Monday, October 2, 2017

Strawberries Must Go!

Wild strawberry (Fragaria virginiana) doing what it does best - covering ground.
Photo by Patrick Standish

I thought that I had it all figured out.

But that's what gardening is good at -- Just when you're feeling cocky, it pulls the rug out and shows you who's boss.

At first, I thought wild strawberry (Fragaria virginiana) would be the answer to my prayers. I've been searching for a tough groundcover (ideally native) that would cover all the bare dirt in my beds, block weeds and provide a beautiful green backdrop for all the other perennials, shrubs and trees in the garden.

Wild strawberry definitely excels in the fast groundcover category - like 10-feet-in-every-direction-in-a-single-season fast.

I will admit that wild strawberry foliage can display some excellent, vibrant colors in fall and winter. Photo by Joshua Mayer

Of course, I should have known better.

Just like canopy trees planted next to a house foundation don't stop growing when they hit 10-feet tall, a rampant groundcover doesn't stop expanding when it hits the end of a bed.

In the case of a plant like wild strawberry that throws out long above-ground stolons, it just starts gunning for the lawn or sprawling onto the patio, the sidewalk, the driveway, etc.

Once I realized it would be a daily (hourly?) chore to keep it in bounds, I decided to remove it. Since then, I've spent hours and hours trying to evict wild strawberry from the garden.

I know it's a native here (though I don't remember ever seeing it in the wild). And it's probably a lovely plant in the right circumstances, but I just couldn't keep up with it here.

The wild strawberry fruit is tiny (compared to the typical commercialized hybrid berry that you find at a grocery store, farmers market or pick-your-own farm). Notice all the wiry, red stolons that connect the strawberry plantlets. Photo by espie (on and off)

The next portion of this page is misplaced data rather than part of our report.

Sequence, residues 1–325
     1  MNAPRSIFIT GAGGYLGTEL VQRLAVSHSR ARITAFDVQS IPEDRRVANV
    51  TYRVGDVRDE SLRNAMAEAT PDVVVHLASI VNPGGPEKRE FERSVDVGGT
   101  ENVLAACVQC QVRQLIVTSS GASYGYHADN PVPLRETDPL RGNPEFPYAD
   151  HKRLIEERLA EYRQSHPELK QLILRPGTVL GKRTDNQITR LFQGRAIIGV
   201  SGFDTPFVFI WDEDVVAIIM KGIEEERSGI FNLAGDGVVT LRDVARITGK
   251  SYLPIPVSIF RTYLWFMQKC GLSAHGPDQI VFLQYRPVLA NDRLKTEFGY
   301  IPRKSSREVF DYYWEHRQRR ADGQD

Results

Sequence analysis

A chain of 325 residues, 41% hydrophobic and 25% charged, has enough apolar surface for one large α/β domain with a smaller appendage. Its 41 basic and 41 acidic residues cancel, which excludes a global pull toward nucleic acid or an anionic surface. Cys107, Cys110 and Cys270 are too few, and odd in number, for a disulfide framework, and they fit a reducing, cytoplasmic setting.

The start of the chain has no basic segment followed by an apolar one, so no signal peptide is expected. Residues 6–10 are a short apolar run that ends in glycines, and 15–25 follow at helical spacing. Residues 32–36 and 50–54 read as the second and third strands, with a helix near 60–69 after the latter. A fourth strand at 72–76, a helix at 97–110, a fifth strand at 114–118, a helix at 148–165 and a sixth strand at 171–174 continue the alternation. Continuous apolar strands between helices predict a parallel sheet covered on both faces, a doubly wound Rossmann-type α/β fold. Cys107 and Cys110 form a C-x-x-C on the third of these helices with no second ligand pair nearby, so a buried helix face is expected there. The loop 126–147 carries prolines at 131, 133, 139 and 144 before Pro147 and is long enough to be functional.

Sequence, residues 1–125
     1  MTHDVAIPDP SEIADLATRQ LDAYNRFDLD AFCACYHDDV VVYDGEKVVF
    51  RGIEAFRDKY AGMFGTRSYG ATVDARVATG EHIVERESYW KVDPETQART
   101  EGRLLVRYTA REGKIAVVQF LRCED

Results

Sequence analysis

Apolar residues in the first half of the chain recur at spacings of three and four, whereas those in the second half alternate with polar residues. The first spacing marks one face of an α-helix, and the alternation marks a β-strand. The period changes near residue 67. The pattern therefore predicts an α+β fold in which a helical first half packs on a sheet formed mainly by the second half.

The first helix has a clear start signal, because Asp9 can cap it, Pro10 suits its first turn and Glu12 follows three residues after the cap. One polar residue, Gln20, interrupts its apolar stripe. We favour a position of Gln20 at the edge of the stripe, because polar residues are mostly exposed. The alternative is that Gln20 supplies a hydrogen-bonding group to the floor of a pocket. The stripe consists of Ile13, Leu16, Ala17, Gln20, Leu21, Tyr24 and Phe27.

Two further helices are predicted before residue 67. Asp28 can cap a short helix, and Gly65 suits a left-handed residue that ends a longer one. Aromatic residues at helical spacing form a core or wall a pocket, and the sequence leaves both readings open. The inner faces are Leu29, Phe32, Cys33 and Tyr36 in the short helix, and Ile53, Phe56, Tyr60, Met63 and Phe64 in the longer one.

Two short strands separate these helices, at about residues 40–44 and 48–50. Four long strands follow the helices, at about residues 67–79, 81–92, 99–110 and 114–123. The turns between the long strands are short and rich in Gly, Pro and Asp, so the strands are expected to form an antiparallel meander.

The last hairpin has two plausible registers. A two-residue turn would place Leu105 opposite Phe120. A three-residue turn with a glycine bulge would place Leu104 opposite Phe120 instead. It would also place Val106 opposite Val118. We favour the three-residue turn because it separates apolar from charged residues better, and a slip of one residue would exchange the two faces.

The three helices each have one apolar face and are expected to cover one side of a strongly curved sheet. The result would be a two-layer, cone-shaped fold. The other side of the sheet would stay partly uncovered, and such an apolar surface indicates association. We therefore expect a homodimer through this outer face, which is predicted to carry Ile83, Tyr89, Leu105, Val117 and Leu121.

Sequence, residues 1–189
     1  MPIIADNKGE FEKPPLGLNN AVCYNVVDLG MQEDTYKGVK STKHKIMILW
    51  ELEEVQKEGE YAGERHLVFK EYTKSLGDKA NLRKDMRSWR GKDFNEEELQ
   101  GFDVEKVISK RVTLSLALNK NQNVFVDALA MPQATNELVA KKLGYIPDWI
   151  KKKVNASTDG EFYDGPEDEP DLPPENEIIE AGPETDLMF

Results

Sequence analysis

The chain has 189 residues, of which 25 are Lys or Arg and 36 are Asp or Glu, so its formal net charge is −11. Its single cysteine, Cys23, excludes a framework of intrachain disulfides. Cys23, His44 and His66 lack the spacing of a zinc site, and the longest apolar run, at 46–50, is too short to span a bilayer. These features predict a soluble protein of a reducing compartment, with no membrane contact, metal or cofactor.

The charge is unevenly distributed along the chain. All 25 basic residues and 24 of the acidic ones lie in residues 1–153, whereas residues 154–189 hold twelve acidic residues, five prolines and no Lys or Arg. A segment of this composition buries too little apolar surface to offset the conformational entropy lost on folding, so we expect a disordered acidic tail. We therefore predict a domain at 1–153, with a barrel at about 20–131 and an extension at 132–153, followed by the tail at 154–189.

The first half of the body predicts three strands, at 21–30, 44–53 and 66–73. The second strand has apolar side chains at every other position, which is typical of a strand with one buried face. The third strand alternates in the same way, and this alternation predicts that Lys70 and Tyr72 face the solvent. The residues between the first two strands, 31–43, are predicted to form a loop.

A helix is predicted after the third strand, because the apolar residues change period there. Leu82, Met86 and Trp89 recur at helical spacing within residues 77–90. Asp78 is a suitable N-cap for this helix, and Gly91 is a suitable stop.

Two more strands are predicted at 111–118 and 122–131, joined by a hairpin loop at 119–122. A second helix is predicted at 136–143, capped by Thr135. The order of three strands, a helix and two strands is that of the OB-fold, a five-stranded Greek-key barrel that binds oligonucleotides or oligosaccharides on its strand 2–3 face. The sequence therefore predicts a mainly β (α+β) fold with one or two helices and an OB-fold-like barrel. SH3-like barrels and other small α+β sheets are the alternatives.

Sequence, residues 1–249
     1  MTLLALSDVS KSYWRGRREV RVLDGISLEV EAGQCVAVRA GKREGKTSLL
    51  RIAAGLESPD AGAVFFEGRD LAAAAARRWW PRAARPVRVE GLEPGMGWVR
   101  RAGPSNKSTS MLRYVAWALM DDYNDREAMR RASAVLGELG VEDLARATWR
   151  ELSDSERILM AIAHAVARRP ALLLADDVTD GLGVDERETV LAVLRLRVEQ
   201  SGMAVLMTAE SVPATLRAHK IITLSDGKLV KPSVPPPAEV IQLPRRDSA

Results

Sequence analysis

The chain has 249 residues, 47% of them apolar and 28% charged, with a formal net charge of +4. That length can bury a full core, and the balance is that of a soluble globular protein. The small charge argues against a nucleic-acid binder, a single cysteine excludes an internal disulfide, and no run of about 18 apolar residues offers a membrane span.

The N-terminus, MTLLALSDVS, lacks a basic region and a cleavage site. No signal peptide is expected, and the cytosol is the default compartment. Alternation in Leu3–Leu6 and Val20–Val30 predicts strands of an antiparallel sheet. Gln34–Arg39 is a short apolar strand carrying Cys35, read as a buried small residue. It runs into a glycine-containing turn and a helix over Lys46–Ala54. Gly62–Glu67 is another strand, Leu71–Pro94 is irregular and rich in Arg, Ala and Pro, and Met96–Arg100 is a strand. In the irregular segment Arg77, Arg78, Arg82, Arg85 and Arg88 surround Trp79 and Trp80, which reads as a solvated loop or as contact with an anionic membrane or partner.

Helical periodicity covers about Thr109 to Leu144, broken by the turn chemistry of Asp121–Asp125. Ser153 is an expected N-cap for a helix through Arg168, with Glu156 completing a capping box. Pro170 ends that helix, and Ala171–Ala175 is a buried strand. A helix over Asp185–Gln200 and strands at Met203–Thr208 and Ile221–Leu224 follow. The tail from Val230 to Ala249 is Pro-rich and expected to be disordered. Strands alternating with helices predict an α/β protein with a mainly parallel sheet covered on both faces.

For those who are wondering, it also didn't yield much fruit. A chipmunk (or chipmunks) got most of the fruit it did produce. And contrary to the rhapsodies you find on the Internet, I did not find the taste of wild strawberry fruit particularly impressive. In fact, I'd say that market hybrid strawberries are much sweeter and juicier. But I might have picked my wild strawberry too soon. I was pretty sure that if I waited another day or two, a critter would beat me to the punch and I wouldn't get to taste it at all.

So where does this leave me in terms of groundcovers?

I'm still trialing a few spreaders:

Erigeron pulchellus (rose petty)
- Epimedium x perralchicum 'Frohnleiten'
Packera obovata (golden groundsel)
Asarum canadense (wild ginger)
- Coelestinum conoclinium (blue mistflower).

I'm also thinking about certain reseeding, clumping plants as groundcovers in their own right. Plants like
- Agastache foeniculum
Baptisia australis
- Gaillardia x grandiflora 
- Platycodon grandiflorus)

And a couple of woodies:

Cephalotaxus harringtonia 'Prostrata'
Juniperus virginiana 'Grey Owl'

I know some readers might feel that I'm too picky, that I want it all. Can't I just give up this wild goose chase and blanket my beds in wood chips, compost or pine straw like everyone else?

Nope. Not yet. I haven't given up hope quite yet.


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